How do I select the appropriate off-ice dance class for my skater?
All class levels coincide with your skater’s on-ice skating level. If your skater needs to be placed at a higher off-ice dance level than his/her skating level, an evaluation must be conducted by one of the off-ice dance professionals. This evaluation can take place by dropping in to a current ballet class or scheduling a private lesson with one of the instructors. The cost of the drop-in class or private evaluation will be the responsibility of the student.
What class level should my skater register for?
New skaters to the program should take a group class or schedule a private lesson for evaluation.
How many classes should my skater take?
Depending on the age of your skater, most on-ice coaches recommend taking 1-2 ballet classes per week. Many coaches also urge their skaters to take a contemporary dance class as well.
What is the proper attire for off-ice dance class?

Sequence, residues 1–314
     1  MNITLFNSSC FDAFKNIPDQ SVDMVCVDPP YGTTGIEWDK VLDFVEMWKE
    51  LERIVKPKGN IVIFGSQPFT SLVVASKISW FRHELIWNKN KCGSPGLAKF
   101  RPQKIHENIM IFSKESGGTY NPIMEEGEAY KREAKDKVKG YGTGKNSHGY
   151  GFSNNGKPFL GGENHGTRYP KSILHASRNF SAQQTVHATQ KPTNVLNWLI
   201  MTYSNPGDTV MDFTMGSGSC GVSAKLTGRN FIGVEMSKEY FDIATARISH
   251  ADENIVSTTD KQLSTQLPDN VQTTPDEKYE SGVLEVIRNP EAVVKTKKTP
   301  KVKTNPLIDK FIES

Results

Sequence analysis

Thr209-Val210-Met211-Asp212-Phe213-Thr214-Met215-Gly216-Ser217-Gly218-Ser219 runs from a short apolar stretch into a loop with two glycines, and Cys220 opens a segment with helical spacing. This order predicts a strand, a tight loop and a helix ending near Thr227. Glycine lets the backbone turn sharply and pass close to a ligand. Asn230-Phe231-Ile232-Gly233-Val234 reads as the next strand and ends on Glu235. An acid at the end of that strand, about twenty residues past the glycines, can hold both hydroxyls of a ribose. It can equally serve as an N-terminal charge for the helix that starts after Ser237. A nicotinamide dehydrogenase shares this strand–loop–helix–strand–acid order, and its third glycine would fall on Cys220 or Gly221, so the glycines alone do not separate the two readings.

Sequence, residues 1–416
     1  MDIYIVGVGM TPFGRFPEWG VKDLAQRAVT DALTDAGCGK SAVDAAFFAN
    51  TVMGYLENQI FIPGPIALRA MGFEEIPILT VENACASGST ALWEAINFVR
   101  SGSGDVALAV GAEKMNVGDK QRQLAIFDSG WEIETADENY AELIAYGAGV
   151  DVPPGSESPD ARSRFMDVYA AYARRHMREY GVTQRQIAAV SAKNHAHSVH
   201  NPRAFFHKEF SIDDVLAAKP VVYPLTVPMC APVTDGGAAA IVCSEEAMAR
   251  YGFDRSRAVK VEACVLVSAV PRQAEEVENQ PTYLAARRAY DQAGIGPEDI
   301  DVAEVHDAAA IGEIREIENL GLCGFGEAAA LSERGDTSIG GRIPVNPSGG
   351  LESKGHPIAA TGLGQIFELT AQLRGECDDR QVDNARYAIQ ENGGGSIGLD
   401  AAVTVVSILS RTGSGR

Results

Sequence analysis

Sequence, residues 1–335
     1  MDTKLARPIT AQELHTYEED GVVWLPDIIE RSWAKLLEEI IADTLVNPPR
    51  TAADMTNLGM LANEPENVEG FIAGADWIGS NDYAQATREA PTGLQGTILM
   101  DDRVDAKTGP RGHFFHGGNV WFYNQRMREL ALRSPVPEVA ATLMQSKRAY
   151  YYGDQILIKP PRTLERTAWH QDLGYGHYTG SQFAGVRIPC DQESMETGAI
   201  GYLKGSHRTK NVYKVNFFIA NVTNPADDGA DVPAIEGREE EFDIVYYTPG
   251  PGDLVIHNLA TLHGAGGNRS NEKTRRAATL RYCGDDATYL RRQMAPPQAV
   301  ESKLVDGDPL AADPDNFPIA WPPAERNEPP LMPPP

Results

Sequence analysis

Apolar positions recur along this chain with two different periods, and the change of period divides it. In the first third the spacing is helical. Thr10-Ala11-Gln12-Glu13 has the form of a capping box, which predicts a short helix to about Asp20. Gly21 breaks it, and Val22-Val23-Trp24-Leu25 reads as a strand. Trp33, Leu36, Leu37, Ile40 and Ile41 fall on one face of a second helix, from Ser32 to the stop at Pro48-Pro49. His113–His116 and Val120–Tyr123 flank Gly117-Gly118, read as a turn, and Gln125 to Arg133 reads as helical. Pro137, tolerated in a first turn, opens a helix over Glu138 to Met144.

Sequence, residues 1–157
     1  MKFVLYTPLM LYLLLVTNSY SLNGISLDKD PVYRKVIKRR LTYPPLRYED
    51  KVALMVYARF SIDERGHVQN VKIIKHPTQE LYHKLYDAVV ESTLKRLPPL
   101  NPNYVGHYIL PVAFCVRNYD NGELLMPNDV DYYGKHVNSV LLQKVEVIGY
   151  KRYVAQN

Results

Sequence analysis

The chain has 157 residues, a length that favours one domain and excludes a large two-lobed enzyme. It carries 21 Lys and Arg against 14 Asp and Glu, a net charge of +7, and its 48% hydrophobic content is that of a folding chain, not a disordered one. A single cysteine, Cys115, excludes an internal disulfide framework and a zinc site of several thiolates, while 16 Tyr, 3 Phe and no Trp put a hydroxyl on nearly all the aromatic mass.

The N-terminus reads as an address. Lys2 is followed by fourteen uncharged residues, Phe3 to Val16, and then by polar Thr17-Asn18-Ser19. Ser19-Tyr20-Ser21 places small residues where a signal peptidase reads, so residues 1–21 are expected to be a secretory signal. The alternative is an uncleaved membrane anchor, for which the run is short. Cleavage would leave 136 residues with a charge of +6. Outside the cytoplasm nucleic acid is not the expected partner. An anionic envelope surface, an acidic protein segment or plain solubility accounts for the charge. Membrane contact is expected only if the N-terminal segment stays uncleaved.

For ballet classes, skaters MUST wear ballet slippers, or they will not be allowed to participate in class. Girls must wear skating dress with tights or a leotard with tights or leggings. Boys must wear skating attire. For contemporary and repertory classes, skaters should wear the same attire they would wear to ballet class, but the tights or leggings should be footless. Skaters will dance barefoot. For stretch class, skating attire or loose fitting clothing is acceptable.
How can my skater learn other dance styles besides ballet and contemporary?
“iDance” workshop intensives are offered frequently throughout the calendar year. These intensives give skaters the opportunity to explore different dance styles not offered on the regular class schedule such as Hip Hop, Broadway, Dance Improvisation, Choreography, Stepping, Jazz, and others.